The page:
Latvia in brief - 2004-01-08

  • 2004-01-08
Ten Pakistanis who had been held under suspicion of terrorist links were released by authorities and allowed to return to Pakistan on Dec. 22. The 10 had entered Latvia ostensibly to participate in a taekwondo tournament but had reserved tickets to Denmark on the same flight as a visiting Israeli basketball team, raising fears among Latvian authorities.

The government announced it would allocate 20,000 lats (29,500 euros) in humanitarian aide for earthquake victims in Iran. The money will be transferred to the U.N., which will then distribute it in Iran. The earthquake has caused over 35,000 deaths.

Justice Minister Aivars Aksenoks announced two candidates for the European Court of Justice, Ingrida Labucka, a former justice minister, and Eglis Levits a justice at the European Court of Human Rights. Latvia will begin participating at the ECJ when the EU expands in May of this year.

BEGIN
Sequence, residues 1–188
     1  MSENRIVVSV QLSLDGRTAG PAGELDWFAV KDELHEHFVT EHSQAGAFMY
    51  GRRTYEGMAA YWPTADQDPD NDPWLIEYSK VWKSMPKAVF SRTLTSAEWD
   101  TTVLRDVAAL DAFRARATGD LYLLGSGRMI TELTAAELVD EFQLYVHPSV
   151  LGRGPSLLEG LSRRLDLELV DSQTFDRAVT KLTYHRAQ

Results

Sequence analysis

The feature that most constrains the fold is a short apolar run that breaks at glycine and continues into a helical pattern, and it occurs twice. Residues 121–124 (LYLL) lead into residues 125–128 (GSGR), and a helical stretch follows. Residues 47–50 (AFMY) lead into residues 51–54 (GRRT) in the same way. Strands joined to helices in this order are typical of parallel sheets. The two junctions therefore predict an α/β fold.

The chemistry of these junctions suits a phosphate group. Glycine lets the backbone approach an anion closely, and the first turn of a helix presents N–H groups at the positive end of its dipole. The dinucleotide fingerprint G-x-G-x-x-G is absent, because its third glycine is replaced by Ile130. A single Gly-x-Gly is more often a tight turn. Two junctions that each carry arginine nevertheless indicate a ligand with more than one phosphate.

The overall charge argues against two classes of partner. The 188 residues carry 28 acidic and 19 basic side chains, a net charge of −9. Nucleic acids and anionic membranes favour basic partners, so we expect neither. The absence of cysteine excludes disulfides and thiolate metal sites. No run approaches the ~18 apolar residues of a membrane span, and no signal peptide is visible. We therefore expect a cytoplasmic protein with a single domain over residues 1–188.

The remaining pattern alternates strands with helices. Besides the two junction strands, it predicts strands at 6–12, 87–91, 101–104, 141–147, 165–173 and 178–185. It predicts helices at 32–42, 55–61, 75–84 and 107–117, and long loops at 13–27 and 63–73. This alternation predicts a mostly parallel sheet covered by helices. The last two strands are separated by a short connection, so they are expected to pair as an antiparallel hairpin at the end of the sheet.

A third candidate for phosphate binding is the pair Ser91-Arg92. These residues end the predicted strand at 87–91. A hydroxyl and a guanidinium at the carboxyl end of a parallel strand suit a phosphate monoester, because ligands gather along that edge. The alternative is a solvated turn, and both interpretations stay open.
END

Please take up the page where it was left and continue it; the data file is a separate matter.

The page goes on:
An explosion on the Panama Serena tanker left one Ukrainian sailor dead and one Latvian missing. The body of Jaroslav Petrukhin has still not been found. The rest of the 15-man crew survived. The tanker was being loaded with benzene near the Italian island of Sardinia when the explosion occurred.

Corporate income tax rates were lowered to 15 percent beginning Jan. 1, 2004, one of the lowest rates in Europe. The tax cut is designed to facilitate investment and business development. The IMF criticized the move, saying tax cuts should be made when the economy is stagnant and not expanding.

Police found an inebriated man with a blood alcohol level of 7.22 percent, or almost twice the level considered to be lethal. The man said he had begun drinking when his wife left him. He said she had ended the relationship because he drank too much.

Foreign Minister Sandra Kalniete sent a letter to Parliament asking lawmakers to work on legislation that would regulate the use of the EU flag once Latvia joins the bloc this year. The minister said that EU member states fly the EU flag next to their national flags. However, not all EU members have laws governing the use of EU flags, and lawmakers saw the legal committee chairwoman Solvita Aboltina warn that Latvian laws could not dictate the use of EU symbols.

Latvia accepted the proposal of visa-free travel arrangements with Venezuela. According to regulations, citizens of both countries can now stay up to 90 days without a visa in each other's country.